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Mesoscale Weather Prediction With The RUC Hybrid Isentropic-terrain-following Coordinate Model


A mesoscale atmospheric forecast model configured in a hybrid isentropic - sigma vertical coordinate and used in the NOAA Rapid Update Cycle (RUC) for operational numerical guidance is presented. The RUC model is the only quasi-isentropic forecast model running operationally in the world and is distinguished from other hybrid isentropic models by its application at fairly high horizontal resolution (10 - 20 km) and a generalized vertical coordinate formulation that allows model levels to remain continuous and yet be purely isentropic well into the middle and even lower troposphere. The RUC model is fully described in its 2003 operational version, including numerics and physical parameterizations. The use of these parameterizations, including mixed-phase cloud microphysics and an ensemble-closure-based cumulus parameterization, is fully consistent with the RUC vertical coordinate without any loss of generality. A series of experiments confirm that the RUC hybrid theta-sigma coordinate reduces cross-coordinate transport over a quasi-horizontal sigma coordinate. This reduction in cross-coordinate vertical transport results in less numerical vertical diffusion and thereby improves numerical accuracy for moist reversible processes. Finally, a forecast is presented of a strong cyclogenesis case over the eastern United States in which the RUC model produced an accurate 36-h prediction, especially in a 10-km nested version. Horizontal and vertical plots from these forecasts give evidence of detailed yet coherent structures of potential vorticity, moisture, and vertical motion.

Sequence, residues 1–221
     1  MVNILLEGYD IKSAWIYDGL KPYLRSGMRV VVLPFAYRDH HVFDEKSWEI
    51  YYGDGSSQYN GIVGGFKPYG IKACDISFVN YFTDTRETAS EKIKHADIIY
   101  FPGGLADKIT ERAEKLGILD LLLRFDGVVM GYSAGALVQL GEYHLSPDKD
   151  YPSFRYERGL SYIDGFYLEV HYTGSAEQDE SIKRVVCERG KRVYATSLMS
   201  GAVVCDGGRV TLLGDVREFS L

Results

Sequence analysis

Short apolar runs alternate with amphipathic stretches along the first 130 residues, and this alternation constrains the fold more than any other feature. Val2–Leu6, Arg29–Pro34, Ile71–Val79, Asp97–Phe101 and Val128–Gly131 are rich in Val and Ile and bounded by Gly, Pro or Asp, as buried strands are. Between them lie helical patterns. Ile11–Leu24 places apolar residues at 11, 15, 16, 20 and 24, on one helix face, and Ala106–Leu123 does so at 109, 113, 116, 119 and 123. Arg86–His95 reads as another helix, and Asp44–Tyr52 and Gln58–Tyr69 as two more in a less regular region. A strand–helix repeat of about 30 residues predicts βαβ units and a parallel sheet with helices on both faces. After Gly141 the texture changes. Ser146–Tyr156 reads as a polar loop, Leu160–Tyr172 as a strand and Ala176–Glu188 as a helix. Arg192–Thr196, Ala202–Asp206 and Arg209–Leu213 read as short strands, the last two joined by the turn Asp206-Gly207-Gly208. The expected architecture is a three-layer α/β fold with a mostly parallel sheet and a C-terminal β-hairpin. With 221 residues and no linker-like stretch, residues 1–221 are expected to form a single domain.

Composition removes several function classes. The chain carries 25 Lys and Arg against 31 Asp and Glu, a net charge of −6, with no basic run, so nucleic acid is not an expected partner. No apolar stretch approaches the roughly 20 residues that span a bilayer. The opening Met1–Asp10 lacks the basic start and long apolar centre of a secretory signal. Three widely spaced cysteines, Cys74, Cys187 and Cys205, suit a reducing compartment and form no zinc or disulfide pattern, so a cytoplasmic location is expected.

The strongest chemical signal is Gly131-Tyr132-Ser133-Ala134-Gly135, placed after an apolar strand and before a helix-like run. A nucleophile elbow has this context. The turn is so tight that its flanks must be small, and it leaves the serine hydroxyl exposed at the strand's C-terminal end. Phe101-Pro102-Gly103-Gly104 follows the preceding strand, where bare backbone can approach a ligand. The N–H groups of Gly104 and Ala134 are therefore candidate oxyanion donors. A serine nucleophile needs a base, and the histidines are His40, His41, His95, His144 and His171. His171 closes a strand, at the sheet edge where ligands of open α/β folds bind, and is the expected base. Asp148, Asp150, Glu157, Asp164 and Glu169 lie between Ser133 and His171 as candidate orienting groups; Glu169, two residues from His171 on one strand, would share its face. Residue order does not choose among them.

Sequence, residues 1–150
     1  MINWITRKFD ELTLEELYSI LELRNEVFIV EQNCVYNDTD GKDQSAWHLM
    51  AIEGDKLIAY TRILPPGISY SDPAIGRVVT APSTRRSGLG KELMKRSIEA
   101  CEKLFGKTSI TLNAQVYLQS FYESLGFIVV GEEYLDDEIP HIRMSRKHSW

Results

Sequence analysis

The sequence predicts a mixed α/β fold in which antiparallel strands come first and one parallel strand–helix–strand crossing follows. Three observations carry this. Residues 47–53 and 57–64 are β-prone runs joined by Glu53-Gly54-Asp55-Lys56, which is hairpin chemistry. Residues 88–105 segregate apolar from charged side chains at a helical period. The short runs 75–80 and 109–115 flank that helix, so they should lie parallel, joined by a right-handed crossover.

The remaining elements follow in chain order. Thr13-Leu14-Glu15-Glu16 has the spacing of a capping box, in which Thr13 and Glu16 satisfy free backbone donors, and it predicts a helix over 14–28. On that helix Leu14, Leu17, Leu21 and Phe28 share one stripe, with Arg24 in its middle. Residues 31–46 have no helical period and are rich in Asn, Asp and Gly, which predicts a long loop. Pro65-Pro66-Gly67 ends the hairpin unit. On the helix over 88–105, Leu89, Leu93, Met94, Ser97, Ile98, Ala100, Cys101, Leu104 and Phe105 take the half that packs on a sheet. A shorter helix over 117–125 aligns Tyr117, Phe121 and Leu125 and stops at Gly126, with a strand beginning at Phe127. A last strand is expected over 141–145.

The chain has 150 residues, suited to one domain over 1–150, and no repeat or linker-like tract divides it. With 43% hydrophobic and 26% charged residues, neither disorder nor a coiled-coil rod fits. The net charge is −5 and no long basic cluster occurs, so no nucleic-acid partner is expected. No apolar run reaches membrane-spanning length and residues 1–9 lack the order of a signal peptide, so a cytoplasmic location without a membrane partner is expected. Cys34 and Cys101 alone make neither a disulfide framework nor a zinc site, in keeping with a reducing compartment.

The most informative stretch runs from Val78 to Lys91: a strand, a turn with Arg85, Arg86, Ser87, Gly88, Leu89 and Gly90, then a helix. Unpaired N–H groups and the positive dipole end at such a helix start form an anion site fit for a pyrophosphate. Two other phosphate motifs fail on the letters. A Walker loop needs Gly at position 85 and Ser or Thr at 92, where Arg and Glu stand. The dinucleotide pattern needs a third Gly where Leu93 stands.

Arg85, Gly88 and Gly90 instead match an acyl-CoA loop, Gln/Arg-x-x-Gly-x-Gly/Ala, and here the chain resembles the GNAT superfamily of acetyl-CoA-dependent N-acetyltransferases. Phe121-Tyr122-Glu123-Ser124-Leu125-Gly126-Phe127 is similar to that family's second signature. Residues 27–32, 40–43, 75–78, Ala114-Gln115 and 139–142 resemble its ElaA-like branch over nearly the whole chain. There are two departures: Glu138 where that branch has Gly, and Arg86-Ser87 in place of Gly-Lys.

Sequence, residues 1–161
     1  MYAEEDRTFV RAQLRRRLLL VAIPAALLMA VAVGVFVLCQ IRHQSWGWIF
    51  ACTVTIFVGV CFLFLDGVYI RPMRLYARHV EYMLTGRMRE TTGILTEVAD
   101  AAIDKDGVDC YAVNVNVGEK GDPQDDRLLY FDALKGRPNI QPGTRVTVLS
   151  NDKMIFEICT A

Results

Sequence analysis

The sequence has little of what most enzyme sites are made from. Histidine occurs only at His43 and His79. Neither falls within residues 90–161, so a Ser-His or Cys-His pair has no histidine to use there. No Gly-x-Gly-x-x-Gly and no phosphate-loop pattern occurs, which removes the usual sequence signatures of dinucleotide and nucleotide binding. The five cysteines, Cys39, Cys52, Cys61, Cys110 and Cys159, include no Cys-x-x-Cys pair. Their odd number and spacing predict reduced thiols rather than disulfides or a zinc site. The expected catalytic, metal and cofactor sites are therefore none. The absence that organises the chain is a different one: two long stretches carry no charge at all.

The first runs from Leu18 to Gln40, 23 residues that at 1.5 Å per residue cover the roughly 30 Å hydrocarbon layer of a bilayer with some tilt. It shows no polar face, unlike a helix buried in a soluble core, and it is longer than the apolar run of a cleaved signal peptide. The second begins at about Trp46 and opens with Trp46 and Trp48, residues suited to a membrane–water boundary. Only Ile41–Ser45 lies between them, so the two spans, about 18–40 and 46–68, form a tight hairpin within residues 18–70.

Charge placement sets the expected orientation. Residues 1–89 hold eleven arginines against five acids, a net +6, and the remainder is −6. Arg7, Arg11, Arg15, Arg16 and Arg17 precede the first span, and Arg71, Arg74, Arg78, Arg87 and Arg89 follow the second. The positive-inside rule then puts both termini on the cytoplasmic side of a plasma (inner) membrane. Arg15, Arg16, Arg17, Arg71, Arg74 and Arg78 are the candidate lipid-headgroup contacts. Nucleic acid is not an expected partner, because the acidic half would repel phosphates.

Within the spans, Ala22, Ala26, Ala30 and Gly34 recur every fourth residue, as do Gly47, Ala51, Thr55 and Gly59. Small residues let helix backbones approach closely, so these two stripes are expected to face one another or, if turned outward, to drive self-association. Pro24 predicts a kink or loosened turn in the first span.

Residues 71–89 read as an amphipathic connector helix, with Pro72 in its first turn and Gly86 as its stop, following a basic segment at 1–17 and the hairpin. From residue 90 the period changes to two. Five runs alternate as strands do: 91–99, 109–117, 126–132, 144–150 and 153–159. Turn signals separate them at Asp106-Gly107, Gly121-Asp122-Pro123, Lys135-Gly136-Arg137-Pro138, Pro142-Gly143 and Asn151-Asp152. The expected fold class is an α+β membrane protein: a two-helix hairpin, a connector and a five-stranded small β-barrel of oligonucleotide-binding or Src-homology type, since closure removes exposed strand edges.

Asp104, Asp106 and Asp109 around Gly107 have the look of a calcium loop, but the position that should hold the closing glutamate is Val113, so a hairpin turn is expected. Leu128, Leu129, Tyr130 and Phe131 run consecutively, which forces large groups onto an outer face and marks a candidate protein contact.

Article / Publication Data
Available Metadata
Fiscal Year
Publication Name
Monthly Weather Review
Published On
January 01, 2004
Publisher Name
Amer Meteorological Soc
Print Volume
Print Number


Not available


Authors who have authored or contributed to this publication.

  • Rainer Bleck - Not Positioned Gsl
    Cooperative Institute for Research in Environmental Sciences, University of Colorado Boulder
    NOAA/Global Systems Laboratory